Teaching is a noble profession and can be either the toughest or the easiest job one can ever have – if one survives, that is. I began teaching in my early 20s and I am now in my 6th year in the profession. Despite my supposed maturity, it took me until my third or fourth year before I was quite competent and fulfilled by how I was going about my work, even though the students, parents and administrators were all pleased with what I was doing.
Gradually, over time I began to list my priorities. Why had I taken up a teaching job? What made me different? What I hoped to achieve and all those ideas began to affect the way I saw my responsibility in the classroom. I learned to re-think each lesson, from class to class and to adjust my lesson plans according to the students in each of my classes. Even today, I’m not bothered by the presentations and the paper work, for I know that when I make my lessons relevant to the lives of my children, they’ll make the most of it anyway.
You see, that’s the toughest part, thinking more about the students than about the content itself. This is also probably the biggest challenge for many teachers today. You see, one doesn’t have to be a buddy to the pupils, if they see you as a friend I think that’s an added bonus. But one has to build relationships of trust. Nothing can replace that. It is irreplaceable. Through that trust, students will either become willing to try when they are struggling, or to go the extra mile when they’re already doing pretty great.
Each year, the most important thing I do (and the hardest) is getting to know the students individually and building on those relationships. The pedagogical processes that need to follow are all easy second steps. Building that relationship of trust is vital. If you can’t do it then why should your students learn what you want to teach them? When I’m planning a lesson, I take into account the needs of the pupils in my class. I think of their stories, I re-live their familial situations and ensure that they are able to relate to what they learn. I’m so glad I teach literature, it makes my job so much easier.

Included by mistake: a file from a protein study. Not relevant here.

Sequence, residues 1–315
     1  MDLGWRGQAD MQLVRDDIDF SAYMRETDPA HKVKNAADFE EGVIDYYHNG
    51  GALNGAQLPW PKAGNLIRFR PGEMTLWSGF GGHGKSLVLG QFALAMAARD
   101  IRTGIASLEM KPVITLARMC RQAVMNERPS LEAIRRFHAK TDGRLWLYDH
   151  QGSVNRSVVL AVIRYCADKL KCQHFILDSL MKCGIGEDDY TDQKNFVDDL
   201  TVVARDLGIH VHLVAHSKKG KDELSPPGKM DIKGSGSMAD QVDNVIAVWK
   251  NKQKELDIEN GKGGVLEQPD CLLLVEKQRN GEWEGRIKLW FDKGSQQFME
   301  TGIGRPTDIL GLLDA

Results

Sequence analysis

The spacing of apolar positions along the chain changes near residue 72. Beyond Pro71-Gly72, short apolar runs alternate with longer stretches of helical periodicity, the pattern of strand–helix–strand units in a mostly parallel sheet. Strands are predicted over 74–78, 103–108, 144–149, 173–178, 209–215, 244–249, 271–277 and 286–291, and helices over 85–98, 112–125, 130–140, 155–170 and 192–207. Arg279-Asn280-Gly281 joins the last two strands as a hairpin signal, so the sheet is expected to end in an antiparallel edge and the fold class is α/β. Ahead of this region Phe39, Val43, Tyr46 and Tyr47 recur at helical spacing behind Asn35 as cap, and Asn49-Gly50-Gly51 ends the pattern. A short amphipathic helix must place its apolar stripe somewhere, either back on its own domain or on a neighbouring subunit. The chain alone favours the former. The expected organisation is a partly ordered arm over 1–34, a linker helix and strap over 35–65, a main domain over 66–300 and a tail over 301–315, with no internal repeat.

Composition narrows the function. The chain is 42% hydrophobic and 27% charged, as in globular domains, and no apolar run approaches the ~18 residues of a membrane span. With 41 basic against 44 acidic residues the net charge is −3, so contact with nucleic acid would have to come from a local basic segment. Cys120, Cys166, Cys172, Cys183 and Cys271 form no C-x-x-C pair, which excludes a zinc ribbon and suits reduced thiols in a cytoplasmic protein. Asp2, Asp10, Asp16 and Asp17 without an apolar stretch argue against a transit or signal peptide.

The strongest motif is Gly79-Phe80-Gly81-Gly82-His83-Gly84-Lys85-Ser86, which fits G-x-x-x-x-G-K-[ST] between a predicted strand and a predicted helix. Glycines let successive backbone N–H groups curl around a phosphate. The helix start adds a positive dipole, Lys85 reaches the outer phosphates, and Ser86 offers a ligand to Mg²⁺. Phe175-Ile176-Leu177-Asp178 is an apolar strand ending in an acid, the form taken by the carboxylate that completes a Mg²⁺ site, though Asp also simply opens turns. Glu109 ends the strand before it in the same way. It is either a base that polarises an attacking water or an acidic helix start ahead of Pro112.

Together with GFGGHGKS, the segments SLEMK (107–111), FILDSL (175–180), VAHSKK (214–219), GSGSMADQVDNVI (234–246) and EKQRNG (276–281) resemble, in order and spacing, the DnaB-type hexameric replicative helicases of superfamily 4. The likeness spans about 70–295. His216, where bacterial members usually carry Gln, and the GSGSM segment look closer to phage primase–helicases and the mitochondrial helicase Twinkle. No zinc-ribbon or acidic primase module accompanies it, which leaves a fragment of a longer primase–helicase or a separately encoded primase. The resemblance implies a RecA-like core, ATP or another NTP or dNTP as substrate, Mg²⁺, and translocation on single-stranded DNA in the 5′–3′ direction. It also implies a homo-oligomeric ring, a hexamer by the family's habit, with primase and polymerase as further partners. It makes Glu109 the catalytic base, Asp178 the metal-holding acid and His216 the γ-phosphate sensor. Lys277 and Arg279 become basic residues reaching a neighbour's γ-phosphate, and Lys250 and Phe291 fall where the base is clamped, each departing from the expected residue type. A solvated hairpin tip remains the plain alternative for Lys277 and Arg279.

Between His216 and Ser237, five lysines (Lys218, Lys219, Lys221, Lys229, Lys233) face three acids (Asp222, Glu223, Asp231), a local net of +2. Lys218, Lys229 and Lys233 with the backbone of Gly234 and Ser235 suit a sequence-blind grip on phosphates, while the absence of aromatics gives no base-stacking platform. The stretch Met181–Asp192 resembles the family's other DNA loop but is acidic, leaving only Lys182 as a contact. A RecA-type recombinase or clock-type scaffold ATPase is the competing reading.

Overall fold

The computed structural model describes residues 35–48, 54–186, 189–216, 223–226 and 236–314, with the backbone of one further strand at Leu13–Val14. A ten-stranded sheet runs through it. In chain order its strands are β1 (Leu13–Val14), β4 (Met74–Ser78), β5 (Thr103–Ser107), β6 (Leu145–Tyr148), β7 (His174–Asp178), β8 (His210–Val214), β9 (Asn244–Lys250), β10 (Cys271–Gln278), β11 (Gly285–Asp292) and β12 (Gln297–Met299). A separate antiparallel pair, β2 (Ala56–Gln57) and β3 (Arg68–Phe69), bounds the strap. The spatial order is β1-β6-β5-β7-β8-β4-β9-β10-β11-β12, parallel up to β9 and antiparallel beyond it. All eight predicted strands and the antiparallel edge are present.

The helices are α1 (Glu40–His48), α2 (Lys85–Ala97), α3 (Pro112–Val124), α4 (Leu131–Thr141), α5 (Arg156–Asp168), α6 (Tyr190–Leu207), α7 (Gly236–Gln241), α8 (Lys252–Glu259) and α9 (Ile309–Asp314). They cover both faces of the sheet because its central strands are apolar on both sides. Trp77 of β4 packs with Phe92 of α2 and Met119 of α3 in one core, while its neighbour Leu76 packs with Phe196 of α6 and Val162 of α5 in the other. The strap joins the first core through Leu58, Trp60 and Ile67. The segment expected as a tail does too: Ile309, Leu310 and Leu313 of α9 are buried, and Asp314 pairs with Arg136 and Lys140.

As I said earlier, teaching flows from what a teacher believes is the best way to teach. That belief is not demonstrated in eloquently professed mission statements and other lofty sounding pledges, but it is clearly visible in the way teachers set up and run their classrooms and in how they treat their students with respect and love.
Once a teacher understands the mechanics of their group of kids, discipline and classroom management take a secondary role. I strongly believe that we teachers have to go beyond the mundane technicalities of our profession. Effective teachers are the ones that really do give a damn. If you’re the kind of person who dreams of making a difference that way, become a teacher today. Heaven knows we need more of you around.